The video — which made no mention of key pledges to build a border wall with Mexico or repeal the Affordable Care Act — continues the president-elect’s practice of trying to go over the heads of the media and take his case directly to the American public. Since Election Day, he has twice ditched the group of reporters designated to follow his movements and has so far eschewed the traditional news conference held by the president-elect in the days after winning.

Trump has not held a full-fledged news conference since July.

But the media were clearly on his mind as he met with executives and on-air personalities from TV networks. He frequently singled out the media — declaring them “so dishonest” — for criticism during the campaign, but it’s not unusual for presidents to hold off-the-record meetings with journalists when trying to promote policies or programs.

Among the attendees were NBC anchor Lester Holt and “Meet the Press” host Chuck Todd, ABC’s “Good Morning America” host George Stephanopoulos and anchor David Muir, CBS’ “Face the Nation” host John Dickerson, CNN’s Wolf Blitzer and several executives at the networks.

None of the attendees would discuss the meeting with reporters in the lobby, though Conway said it was “very cordial, very productive, very congenial.”

Those Trump met with over the weekend included former Massachusetts Gov. Mitt Romney, a former critic now being considered for secretary of state; retired Marine Corps Gen. James Mattis, who Trump dubbed an “impressive” prospect for defense secretary, and billionaire investor Wilbur Ross, who is under consideration for Commerce secretary.

“We’ve made a couple of deals,” Trump said Sunday. He gave assurances that “incredible meetings” would be bringing “incredible people” into the government.

Republished with permission of the Associated Press.

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Kathy Castor says she’ll work with Donald Trump and GOP majority in Congress ‘If there’s an opportunity’

Kathy Castor says the voters in Florida’s 14th Congressional District re-elected her to get things done in Washington and, when she can, she’ll work with the Donald Trump administration and GOP Congress. But she’ll also resist them, depending on what policies they propose.

“People elected me to solve problems and if there’s any opportunity to do that with President Trump and a Republican Congress, that’s what I’m going to do,” she said Monday. “But I’m not going to compromise the values that this community holds dear. Whether that’s taking our Dream Act students and not deporting them, or fighting for higher wages, the Democratic Party is the party of working people and I’m going to continue to stand up for their interests against the system.”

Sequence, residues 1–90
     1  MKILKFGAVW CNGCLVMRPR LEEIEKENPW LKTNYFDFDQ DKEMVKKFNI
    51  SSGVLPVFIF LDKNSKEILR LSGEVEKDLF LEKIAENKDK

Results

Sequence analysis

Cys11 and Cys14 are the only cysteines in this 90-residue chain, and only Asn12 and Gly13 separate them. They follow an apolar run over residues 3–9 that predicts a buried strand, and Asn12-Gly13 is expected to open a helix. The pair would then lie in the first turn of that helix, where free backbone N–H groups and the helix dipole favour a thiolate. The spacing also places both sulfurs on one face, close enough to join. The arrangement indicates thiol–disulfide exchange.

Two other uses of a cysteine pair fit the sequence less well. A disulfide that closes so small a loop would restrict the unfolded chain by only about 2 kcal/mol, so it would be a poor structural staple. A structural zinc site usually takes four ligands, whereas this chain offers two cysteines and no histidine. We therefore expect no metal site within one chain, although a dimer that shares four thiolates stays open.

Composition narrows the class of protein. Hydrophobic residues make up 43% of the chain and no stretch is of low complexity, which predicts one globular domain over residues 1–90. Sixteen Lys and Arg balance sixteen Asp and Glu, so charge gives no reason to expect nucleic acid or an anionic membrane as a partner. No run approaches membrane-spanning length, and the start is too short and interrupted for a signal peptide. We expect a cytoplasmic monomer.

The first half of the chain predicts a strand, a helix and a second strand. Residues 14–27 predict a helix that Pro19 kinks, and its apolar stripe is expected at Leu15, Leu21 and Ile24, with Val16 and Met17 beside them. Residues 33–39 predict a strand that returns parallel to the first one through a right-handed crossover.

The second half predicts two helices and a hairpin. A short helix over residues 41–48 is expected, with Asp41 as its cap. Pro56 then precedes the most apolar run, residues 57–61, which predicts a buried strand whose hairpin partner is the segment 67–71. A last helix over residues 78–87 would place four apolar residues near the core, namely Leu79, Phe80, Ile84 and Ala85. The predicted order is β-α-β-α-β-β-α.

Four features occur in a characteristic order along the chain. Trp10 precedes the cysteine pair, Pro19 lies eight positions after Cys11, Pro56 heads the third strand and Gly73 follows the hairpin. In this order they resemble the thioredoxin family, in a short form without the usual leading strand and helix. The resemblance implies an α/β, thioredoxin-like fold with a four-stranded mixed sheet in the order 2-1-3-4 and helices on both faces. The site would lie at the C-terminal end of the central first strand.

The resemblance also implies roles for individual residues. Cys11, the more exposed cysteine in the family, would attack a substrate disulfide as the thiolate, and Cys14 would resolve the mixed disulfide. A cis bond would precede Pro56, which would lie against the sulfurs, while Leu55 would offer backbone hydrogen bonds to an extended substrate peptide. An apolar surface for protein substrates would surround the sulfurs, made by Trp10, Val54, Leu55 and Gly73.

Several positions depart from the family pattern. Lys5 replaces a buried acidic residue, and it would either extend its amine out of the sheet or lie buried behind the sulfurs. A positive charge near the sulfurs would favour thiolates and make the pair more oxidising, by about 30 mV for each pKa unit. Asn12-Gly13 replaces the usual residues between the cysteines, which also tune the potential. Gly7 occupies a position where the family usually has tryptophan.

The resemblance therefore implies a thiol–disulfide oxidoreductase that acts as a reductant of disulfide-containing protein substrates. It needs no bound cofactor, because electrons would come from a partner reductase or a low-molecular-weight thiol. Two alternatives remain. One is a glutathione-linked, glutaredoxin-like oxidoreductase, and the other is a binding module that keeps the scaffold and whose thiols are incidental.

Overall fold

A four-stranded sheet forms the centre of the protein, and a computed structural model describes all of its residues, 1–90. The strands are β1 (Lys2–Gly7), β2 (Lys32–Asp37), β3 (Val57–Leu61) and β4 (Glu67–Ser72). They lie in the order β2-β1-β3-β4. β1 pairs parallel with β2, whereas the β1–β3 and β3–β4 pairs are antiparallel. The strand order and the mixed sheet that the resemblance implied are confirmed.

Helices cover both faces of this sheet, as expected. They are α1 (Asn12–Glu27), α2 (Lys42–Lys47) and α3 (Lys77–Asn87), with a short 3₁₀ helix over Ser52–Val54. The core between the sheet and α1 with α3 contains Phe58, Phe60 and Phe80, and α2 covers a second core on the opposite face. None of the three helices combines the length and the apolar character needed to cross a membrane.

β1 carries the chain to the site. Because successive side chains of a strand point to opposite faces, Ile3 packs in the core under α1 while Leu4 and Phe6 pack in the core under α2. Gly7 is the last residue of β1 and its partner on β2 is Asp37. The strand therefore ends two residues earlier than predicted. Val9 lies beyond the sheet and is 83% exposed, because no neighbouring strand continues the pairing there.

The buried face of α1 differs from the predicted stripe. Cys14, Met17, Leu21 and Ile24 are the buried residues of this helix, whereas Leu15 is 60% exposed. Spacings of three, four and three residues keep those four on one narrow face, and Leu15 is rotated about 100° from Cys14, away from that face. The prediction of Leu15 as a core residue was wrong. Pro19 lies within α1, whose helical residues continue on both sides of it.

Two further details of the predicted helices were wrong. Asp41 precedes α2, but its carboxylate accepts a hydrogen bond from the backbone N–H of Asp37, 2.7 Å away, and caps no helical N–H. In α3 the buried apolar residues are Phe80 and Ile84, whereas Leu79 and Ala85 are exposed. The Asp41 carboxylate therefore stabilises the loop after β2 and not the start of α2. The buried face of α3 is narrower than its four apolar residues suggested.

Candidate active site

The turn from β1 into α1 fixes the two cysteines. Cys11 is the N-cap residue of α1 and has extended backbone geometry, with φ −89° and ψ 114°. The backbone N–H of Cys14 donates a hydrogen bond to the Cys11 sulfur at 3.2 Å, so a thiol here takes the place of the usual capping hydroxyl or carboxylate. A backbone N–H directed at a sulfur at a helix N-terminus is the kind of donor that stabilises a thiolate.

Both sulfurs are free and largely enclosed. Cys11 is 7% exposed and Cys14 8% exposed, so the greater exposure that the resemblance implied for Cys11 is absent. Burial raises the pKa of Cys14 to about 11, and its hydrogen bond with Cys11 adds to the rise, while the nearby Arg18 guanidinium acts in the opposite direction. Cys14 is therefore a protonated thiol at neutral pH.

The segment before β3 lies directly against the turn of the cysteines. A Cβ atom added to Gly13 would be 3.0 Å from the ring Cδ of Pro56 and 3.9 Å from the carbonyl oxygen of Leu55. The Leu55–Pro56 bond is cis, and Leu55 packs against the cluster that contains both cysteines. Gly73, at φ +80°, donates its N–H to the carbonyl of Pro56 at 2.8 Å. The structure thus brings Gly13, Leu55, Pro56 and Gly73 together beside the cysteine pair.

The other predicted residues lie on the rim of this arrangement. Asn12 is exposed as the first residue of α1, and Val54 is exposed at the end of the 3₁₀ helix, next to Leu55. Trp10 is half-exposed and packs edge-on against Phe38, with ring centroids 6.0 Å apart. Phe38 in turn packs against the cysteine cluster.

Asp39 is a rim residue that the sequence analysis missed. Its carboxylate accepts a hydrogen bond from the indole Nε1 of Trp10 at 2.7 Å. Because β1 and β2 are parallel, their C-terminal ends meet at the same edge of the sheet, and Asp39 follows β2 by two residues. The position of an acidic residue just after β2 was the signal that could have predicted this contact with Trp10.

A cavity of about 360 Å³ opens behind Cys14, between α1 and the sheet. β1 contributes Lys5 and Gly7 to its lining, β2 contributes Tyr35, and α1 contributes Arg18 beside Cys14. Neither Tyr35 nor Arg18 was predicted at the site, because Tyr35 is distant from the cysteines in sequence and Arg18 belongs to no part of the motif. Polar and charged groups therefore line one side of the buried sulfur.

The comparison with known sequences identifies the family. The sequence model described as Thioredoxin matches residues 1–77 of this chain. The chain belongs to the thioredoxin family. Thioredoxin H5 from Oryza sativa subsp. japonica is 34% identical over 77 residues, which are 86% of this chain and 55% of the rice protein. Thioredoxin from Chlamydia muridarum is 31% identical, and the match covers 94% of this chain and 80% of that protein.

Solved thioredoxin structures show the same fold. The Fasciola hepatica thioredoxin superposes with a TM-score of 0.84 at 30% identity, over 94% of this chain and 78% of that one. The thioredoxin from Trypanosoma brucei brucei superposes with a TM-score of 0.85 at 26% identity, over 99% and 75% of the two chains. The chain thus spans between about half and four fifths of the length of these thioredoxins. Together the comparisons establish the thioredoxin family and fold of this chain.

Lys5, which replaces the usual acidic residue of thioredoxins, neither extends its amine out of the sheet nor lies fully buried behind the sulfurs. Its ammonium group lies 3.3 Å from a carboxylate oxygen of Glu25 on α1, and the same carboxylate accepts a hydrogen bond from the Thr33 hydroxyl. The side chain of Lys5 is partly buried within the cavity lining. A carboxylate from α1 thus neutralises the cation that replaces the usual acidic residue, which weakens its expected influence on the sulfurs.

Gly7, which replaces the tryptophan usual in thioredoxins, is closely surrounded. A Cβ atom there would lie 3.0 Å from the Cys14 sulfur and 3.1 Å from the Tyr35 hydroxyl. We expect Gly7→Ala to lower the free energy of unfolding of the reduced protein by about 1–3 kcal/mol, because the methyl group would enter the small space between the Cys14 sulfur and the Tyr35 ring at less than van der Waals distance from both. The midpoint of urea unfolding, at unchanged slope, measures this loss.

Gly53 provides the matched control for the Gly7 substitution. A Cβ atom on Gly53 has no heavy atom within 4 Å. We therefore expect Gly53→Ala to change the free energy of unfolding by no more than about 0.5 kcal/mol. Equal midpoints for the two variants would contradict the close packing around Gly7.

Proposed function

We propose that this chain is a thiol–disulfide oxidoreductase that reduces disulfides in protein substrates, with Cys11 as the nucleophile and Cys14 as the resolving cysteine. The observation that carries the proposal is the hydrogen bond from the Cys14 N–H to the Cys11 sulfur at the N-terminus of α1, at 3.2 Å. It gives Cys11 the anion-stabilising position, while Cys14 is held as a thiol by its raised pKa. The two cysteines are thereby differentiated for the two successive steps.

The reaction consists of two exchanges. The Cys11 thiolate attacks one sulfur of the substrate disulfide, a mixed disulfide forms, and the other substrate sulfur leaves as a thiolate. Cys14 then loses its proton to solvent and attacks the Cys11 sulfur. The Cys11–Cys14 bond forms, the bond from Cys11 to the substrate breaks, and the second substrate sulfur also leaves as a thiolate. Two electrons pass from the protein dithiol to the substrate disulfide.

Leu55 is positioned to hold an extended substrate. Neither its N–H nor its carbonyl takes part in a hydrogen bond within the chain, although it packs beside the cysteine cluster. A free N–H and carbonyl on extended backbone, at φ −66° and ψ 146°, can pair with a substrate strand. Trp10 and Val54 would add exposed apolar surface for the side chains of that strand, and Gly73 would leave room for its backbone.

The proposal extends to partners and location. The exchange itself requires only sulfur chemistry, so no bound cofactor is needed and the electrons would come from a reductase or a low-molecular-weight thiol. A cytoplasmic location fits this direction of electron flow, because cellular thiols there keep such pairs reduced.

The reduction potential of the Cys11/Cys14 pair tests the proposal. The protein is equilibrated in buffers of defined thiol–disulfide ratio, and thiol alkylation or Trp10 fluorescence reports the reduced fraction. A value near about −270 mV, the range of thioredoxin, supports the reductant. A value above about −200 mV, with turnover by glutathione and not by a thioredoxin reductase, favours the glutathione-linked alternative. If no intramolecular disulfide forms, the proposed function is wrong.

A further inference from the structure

Yet despite that perception, Hillary Clinton’s failure to win rust-belt states like Pennsylvania, Wisconsin, Ohio, and Michigan in the election has led to the accepted perception the Democrats have lost their way with working people.

In Boston on Sunday night, Bernie Sanders said the party has to return its focus to the working class.

“The working class of this country is being decimated — that’s why Donald Trump won,” Sanders said. “And what we need now are candidates who stand with those working people, who understand that real median family income has gone down.”

“All I know is that every week when I’m in Washington D.C. we’re standing up to moneyed special interests and for some reason that’s not being communicated,” Castor says. “For example, they want to give massive tax breaks to big corporations and the top one percent. That’s not going to help working class people or working people, and what I’m afraid is that the Congress that has passed draconian budgets and tried to keep all the benefits for the wealthiest in the country, that they kind of play on Trump and take advantage of him and the people who elected him. We’re going to be pointing these things out.”

Next week Castor and her Democratic colleagues will vote on whether to retain Nancy Pelosi as their leader, or go in a different direction. Ohio Rep. Tim Ryan has announced his candidacy to challenge Pelosi, the 76-year-old San Francisco congresswoman who leads the Democrats in the House of Representatives.

Castor said she is undecided, but said there’s value in having a female leader.

“The party needs different leaders,” she acknowledges. “It’s time for a younger generation of leaders to run for local office, to get involved in local issues and state issues. But there is one consideration about who is going to be in leadership in Washington. President Trump, Chuck Schumer, Sen. McConnell, Paul Ryan. What do they have all have in common?”

She then answered her own question. “There is a lot of value in having a female leader,” before insisting that she hasn’t made a final decision on who should lead the caucus.

Speaking in Peru Sunday, President Obama said he was reticent to “meddle” in party votes while still in office, but went on to say that he “cannot speak highly enough” of the woman who a decade ago became the first female House speaker. “She combines strong progressive values with just extraordinary political skill, and she does stuff that’s tough, not just stuff that’s easy,” Obama said of Pelosi.